Presidents were much more unified in their views about how well the government would fulfill such a role -- incompetently, they agree. Asked if the government has a "good chance" of collecting and reporting accurately on higher education outcomes, 9 percent of private nonprofit presidents (on the low end) and 16 percent of public university leaders (on the high end) answered positively.
Does the fact that only half of college presidents say it is "appropriate" for the feds to collect and publish data about graduates' career outcomes mean higher ed leaders philosophically question the government's accountability role?
Even supporters of the federal rating system chose not to read the results that way.
“It’s encouraging that a majority of presidents who responded share our view that the department can play a role in helping to increase public information about colleges," Jamienne Studley, acting under secretary of education, said in a statement. "We believe that partnering with colleges and other postsecondary institutions to increase information and craft a ratings system that empowers consumers will encourage colleges to improve their performance, and ultimately drive a better, more affordable education for all students.”
Donald E. Heller, dean of the education school at Michigan State University and an expert on higher education finance and federal student aid, said he doubted many presidents were answering the question about the appropriateness of the federal role theoretically, given the looming likelihood of a federally imposed ratings system -- with the results linked to how much federal student aid campuses receive, if the administration gets its way.
"There's obviously a lot of concern about what's going to happen with the proposals," said Heller. "If you'd asked that question before last August, you might have gotten a different answer. Right now everybody is probably thinking about it in terms of tying career outcomes to student aid, and a lot of people don't like that. The reality is that it's hard to separate the two right now."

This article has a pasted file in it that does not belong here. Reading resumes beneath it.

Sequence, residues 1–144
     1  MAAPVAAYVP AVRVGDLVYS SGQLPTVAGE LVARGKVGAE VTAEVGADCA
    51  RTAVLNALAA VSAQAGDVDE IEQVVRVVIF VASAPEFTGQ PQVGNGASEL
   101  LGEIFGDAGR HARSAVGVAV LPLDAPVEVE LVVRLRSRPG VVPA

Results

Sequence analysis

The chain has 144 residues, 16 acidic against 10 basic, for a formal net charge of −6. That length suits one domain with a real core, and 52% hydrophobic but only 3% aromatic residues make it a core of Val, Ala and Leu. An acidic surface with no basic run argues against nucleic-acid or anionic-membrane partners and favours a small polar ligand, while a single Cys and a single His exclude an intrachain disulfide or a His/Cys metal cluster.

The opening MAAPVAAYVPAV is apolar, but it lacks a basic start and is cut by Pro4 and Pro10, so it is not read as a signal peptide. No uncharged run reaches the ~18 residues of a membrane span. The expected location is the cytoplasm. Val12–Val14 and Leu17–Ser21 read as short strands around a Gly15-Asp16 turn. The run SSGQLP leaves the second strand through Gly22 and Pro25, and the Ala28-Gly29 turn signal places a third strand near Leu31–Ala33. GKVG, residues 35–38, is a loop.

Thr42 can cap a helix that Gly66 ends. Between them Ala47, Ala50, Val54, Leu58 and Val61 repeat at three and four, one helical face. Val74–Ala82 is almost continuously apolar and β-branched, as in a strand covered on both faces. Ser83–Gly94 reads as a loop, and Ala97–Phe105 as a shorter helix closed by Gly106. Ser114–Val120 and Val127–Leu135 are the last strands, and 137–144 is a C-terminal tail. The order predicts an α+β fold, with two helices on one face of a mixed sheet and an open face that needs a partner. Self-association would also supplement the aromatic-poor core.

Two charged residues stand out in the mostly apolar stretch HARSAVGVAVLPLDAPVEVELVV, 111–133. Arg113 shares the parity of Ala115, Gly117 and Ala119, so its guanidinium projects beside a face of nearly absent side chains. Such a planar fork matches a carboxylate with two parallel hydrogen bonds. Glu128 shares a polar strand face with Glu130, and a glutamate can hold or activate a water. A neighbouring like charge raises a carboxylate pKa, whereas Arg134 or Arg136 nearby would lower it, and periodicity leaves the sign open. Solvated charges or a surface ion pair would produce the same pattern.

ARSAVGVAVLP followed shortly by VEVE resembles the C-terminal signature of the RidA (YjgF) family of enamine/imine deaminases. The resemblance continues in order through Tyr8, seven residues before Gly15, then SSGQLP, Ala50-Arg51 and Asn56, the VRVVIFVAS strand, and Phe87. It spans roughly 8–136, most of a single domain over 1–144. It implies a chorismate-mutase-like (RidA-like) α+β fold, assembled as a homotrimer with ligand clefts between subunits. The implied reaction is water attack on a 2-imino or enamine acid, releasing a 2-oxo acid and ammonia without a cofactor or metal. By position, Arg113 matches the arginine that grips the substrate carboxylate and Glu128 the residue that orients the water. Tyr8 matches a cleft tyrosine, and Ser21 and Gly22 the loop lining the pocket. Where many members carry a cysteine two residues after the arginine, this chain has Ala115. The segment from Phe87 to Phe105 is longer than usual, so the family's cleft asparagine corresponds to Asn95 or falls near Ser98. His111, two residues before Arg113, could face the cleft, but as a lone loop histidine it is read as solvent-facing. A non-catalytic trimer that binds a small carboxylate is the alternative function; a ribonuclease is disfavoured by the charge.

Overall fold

What Data Are Available -- and Should Be
The survey posed another set of questions about student outcomes information that campuses now provide. Presidents were asked to whether their institutions made certain data about their graduates available on their websites now, and then were asked which of those metrics they believed they should make public. More than half of the chief executives said their campuses already published the institution-level loan debt (61 percent), institution-level job placement rate (58 percent), and graduate school enrollment rate (52 percent) of recent graduates, as well as information about the ways students are living meaningful lives (56 percent).
Far fewer reported releasing program-level debt (19 percent) or job placement (45 percent) figures or the starting salaries of recent graduates (31 percent), and hardly any reported the annual income of graduates 5 or 10 years out (9 and 4 percent, respectively). Many experts say that the program-level data are crucial and that, within a college, institutionwide rate can mask wide variation.
Campus CEOs were also asked whether they should report those figures -- and in almost all cases, the proportions answering yes were much larger than those who said they reported them now, as seen in the table below.
|% of Presidents Who Say Data Are Available Now||% of Presidents Who Say Data Should Be Available|
|Institution-level loan debt||61%||78%|
|Program-level average loan debt of graduates||19%||53%|
|Institution-level job placement rates for graduates||58%||80%|
|Program-level job placement rates for graduates||45%||74%|
|Graduate school enrollment rates of recent graduates||52%||78%|
|Starting salaries of recent graduates||31%||53%|
|Annual income of graduates 5 years out||9%||38%|
|Annual income of graduates 10 years out||4%||35%|
|Ways students are living meaningful lives||56%||74%|
The survey also asked presidents how easy it was to find outcomes data on their websites, and most acknowledged imperfection: Just 9 percent said it was very easy, and 38 percent somewhat easy. For-profit colleges were the outlier, with 85 percent saying it was very or somewhat easy. Presidents were virtually unanimous in agreeing that it should be easy.
Molly Corbett Broad, president of the American Council on Education, said she suspected reasons both philosophical and practical for why some of the data points are now spottily reported.
"There are a significant proportion of American private nonprofit institutions who simply don't believe it's the government's business to know about," she said, and many other campus leaders are troubled by the prospect that career-related outcomes will be weighted over other factors in judging colleges, in ways that could make higher education look like a purely vocational enterprise. "All of this focus on salaries or return on investment goes against a larger belief about the values of the liberal arts."
But there are also significant gaps right now in what institutions could accurately report even if they wanted to, she said, especially when it comes to longer-term income figures and meaningful program-level outcomes at small institutions, given the lack of availability of good data.